We discussed the idea of printing our own version of the 12 Steps, but decided against it for two reasons; 1) we thought it might be controversial, and 2) we asked ourselves, “who are we to decide what the steps should mean to someone else?” Ever since we have always displayed the original Twelve Steps at our meetings.
We wanted our group to have regular business meetings and to participate with the broader AA community by getting involved with our Central Office, Area, and District. We have had quarterly business meetings ever since our founding, and we have been represented at Central Office, District, and Area Assembly since January 2015.
The group has been experiencing growth since its founding. By November of 2014, it was common to have between six to eight people at each meeting. Then by 2015, we began to see about 15 people at each meeting and a lot of newcomers who were asking for more meetings. At one of our early business meetings, it was decided to start the second meeting on Sunday and then the third meeting on Tuesday. The Tuesday meeting was at the All Souls Church, but the Sunday meeting was at an outside location, the KU Med Center.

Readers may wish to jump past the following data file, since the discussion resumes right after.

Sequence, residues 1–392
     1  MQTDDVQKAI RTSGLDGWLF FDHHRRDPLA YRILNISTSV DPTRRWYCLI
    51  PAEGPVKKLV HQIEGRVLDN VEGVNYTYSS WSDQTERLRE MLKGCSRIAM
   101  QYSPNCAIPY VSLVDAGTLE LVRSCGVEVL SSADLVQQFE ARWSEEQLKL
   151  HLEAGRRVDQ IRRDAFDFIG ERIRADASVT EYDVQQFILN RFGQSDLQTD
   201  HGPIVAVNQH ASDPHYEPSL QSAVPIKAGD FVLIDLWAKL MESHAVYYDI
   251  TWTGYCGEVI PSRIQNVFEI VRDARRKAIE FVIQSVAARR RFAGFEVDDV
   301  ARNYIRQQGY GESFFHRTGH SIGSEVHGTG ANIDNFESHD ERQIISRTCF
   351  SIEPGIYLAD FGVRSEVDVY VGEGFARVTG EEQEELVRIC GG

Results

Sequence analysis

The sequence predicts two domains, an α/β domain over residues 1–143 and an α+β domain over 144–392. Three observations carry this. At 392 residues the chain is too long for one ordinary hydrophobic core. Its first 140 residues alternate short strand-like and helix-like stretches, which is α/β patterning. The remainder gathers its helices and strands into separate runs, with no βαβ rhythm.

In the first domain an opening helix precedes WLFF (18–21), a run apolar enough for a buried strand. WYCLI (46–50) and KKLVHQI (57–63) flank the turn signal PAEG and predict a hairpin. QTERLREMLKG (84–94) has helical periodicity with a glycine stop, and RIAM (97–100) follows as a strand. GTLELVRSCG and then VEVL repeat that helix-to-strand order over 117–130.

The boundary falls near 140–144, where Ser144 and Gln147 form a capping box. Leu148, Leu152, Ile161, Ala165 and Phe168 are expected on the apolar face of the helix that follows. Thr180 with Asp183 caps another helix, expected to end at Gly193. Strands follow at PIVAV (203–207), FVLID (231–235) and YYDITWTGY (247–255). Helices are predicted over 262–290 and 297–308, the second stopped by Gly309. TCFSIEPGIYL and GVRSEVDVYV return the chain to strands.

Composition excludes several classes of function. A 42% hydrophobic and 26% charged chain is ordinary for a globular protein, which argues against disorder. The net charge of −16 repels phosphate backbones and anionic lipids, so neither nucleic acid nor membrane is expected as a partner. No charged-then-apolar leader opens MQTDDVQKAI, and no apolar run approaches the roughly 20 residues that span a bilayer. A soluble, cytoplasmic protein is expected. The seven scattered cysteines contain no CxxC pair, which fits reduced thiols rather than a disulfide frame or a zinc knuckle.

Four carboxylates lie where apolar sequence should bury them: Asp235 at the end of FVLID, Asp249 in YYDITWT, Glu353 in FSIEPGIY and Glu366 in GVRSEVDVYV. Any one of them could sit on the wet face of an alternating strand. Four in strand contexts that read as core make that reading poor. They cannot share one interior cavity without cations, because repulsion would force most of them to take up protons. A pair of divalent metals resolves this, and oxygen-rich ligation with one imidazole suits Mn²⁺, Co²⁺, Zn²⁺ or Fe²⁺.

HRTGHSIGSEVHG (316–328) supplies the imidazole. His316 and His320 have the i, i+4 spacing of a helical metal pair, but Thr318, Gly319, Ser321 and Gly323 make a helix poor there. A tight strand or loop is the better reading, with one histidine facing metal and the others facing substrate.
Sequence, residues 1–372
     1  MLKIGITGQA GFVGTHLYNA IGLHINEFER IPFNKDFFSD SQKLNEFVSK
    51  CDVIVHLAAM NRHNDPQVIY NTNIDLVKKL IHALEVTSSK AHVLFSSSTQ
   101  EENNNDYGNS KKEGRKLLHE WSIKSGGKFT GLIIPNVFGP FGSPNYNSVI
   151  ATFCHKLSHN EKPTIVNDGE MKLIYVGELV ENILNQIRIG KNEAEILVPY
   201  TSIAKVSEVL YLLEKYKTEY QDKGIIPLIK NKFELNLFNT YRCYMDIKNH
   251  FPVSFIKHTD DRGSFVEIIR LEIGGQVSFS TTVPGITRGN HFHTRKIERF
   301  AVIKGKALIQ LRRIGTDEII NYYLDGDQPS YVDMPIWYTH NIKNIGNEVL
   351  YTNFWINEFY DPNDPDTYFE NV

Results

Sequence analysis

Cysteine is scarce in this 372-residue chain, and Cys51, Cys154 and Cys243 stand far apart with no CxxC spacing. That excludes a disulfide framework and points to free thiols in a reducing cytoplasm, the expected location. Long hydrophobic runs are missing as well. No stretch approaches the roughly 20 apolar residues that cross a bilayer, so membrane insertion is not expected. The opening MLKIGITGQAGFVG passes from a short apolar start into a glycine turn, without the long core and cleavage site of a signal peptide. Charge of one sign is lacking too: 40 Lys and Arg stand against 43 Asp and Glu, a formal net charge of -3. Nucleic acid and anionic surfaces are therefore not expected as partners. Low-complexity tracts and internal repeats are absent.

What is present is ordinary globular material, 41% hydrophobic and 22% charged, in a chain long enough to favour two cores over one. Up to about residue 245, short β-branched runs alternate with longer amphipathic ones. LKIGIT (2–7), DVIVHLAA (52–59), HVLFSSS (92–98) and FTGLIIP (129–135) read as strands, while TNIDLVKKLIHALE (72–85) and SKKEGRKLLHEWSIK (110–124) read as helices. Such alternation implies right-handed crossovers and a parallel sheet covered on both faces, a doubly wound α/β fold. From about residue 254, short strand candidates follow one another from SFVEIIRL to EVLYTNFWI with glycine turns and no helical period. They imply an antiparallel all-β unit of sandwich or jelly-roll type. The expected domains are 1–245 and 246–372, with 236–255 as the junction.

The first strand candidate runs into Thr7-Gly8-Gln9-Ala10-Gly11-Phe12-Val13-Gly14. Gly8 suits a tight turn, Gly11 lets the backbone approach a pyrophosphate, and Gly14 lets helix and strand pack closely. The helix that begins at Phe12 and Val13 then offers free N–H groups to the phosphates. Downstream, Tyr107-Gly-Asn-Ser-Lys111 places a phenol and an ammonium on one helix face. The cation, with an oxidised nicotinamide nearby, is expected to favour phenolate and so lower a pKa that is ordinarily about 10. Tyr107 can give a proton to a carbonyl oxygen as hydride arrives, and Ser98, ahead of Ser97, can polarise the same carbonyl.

We found that there are two distinct groups of people who are attracted to our meeting; those who would never attend AA because of their perception of it being religious, and those who attended AA but left with a bad taste for it. This created a challenge for our group as our growth picked up. We started to experience the phenomena that we in agnostic AA groups call, “God Detox.” This is when people who had bad experiences in AA need to vent, and it comes across as “God bashing” or “AA bashing.” It can make for an unpleasant experience, and it’s not helpful to those newcomers who have never before experienced AA.
One night we had a meeting with three newcomers, two people from another group resentful toward AA and a woman struggling with sobriety and going through a divorce. The woman was obviously struggling and needed support, but unfortunately, the two resentful members, dominated the meeting, speaking for long periods of time and talking out of turn. They put down the Big Book, the 12 Steps, and those who believed in God. They sucked all the oxygen out of the room, and the poor woman who needed attention, who should have been the most important person in the room was ignored. She never came back.